Workers are worried about the state of their countries

Workers are worried about the state of their country
Around eight in ten (79.2%) US respondents harbour negative thoughts about the state of their nation, compared to 55.1% of their non-US counterparts

Pessimism about their country is today’s number one employee concern, according to the results of a new study carried out by meQuilibrium (meQ).

Three-quarters (75.1%) of more than 4,500 surveyed workers reported feeling worse when they think about the state of their country, outweighing worries about money (45.8%), work (38.7%) and relationships (27.5%). 

Interestingly, a notable difference between US employees and non-US employees was detected by researchers. Around eight in ten (79.2%) respondents harboured negative thoughts about the state of their nation, compared to 55.1% of their non-US counterparts. 

Half of all US-based workers (51.6%) expect the situation within their country to get worse over the coming months, compared with a third (33.8%) of non-US employees.

“Uncertainty, pessimism and stress still loom large in the workplace,” says Brad Smith, Chief Science Officer at meQ.

“It’s essential employers have access to data that predicts risks and identifies trends to stay apprised of mounting vulnerabilities within employee populations. Armed with information about these ‘circles of fear’, HR can better provide needed support and encourage empathetic leadership.”

Youtube Placeholder

Key turnover triggers include mental wellbeing and opportunity

Retention challenges are continuing amid a tight labour market.

Almost a quarter (23%) of younger workers report being highly likely to switch jobs in the next six months, compared to just 13% of older employees.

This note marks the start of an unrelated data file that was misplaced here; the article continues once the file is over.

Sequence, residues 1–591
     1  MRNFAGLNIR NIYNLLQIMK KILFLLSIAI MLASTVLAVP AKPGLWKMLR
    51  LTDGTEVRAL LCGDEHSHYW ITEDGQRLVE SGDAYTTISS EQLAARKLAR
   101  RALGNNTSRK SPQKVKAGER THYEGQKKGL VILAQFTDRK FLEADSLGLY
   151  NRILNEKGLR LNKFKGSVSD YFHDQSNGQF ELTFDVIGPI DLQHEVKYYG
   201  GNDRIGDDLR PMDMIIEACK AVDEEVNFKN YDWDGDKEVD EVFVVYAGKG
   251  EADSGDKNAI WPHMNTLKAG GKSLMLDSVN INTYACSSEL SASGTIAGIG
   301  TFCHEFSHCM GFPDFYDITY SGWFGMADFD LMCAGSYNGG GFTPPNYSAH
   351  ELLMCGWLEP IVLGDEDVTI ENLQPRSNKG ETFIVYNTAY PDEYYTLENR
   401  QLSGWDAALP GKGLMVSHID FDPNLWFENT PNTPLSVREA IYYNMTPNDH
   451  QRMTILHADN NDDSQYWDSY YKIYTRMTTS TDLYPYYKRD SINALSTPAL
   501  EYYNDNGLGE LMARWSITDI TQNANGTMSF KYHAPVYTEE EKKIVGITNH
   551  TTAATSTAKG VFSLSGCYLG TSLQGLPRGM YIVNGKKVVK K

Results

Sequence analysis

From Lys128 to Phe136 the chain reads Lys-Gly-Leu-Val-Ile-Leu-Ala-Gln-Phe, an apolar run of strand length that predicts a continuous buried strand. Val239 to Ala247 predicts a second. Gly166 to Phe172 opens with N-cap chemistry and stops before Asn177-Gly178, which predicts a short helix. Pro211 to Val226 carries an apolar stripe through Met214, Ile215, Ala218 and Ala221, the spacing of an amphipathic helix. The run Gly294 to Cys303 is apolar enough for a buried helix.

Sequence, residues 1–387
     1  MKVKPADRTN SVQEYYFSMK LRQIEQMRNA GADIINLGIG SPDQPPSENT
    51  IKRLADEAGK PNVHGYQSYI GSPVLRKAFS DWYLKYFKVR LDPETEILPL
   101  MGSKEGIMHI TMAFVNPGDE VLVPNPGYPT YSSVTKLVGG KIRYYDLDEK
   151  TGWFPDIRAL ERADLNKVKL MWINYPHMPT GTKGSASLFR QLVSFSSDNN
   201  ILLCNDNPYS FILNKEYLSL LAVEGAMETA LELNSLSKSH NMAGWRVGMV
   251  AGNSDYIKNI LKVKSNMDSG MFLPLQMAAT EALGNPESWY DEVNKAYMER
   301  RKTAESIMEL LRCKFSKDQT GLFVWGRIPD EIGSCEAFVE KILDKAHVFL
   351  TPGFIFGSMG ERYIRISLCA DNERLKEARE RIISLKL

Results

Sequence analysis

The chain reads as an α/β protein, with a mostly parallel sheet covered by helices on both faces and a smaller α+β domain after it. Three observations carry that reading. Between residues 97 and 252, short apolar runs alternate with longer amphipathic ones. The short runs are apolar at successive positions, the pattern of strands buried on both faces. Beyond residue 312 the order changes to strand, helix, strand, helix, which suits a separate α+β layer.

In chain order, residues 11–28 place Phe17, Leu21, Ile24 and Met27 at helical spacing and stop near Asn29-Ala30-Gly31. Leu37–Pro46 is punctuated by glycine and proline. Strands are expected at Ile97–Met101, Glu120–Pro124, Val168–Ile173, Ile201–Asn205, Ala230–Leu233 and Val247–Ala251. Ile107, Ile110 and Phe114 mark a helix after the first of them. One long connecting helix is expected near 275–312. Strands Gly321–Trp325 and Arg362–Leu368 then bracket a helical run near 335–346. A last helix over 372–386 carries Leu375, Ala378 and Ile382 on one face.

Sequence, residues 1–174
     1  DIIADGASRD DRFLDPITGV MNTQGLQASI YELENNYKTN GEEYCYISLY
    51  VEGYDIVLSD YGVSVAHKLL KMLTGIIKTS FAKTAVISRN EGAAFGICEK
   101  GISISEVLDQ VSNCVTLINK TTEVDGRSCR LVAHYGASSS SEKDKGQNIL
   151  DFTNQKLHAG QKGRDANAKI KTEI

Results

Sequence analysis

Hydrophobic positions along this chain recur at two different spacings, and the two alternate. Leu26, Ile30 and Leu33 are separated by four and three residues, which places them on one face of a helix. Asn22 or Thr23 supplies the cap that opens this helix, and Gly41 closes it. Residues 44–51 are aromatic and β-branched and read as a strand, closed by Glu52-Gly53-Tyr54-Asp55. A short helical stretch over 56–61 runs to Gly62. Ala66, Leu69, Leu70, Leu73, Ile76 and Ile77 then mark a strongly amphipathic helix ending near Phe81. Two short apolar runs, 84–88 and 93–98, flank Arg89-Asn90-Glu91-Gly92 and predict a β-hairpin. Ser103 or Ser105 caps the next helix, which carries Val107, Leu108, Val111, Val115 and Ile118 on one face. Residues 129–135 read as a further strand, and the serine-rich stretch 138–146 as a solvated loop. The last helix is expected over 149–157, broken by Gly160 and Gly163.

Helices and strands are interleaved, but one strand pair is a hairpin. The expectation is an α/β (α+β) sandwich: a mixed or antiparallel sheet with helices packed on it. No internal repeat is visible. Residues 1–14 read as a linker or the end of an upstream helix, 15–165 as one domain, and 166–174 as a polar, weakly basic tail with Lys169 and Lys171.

Mental demands (34.6%), compensation (32.9%) and opportunity for growth (31.4%) were found to be the top turnover triggers. 

Another challenge facing employers is diminished productivity, but meQ’s survey unearths three clear productivity boosters: autonomy, supportive co-workers and trusted managers. 

The biggest productivity killer by far was interruptions, followed by events in the news and non-work responsibilities like care, family and household chores.

Meanwhile, those working in the technology and communications sectors were among the hardest hit by job stress, surging by 91% and 83% year on year, respectively. 

Another hard-hit group is Gen Z workers under 30, nearly half (48%) of which reported high job stress, compared to 32% of older peers. 


For more business insights, check out the latest edition of Business Chief US and Canada and be sure to follow us on LinkedIn and Twitter.

You may also be interested in the Business Chief UK & Europe website.


BizClik is a global provider of B2B digital media platforms that cover executive communities for CEOs, CFOs and CMOs, as well as leaders in Sustainability, Procurement & Supply Chain, Technology & AI, Cyber, FinTech & InsurTech. We also cover industries including Manufacturing, Mining, Energy, EV, Construction, Healthcare and Food & Drink.

BizClik, based in London, Dubai and New York, offers services such as content creation, advertising and sponsorship solutions, webinars and events.


Featured Articles

Amelia DeLuca, CSO at Delta Air Lines on Female Leadership

Driving decarbonisation at Delta Air Lines, Chief Sustainability Officer Amelia DeLuca discusses the rise of the CSO and value of more women in leadership

Liz Elting – Driving Equality & Building Billion-$ Business

Founder and CEO Liz Elting Turned Her Passion into Purpose and Created a Billion-Dollar Business While Fighting for Workplace Equality – and Winning

JPMorgan Chase: Committed to supporting the next generation

JPMorgan has unveiled a host of new and expanded philanthropic activities totalling US$3.5 million to support the development of apprenticeship programmes

How efficient digital ecosystems became business critical

Technology & AI

Mastercard: Supporting clients at a time of rapid evolution

Digital Strategy

Why Ceridian has boldly rebranded to Dayforce

Human Capital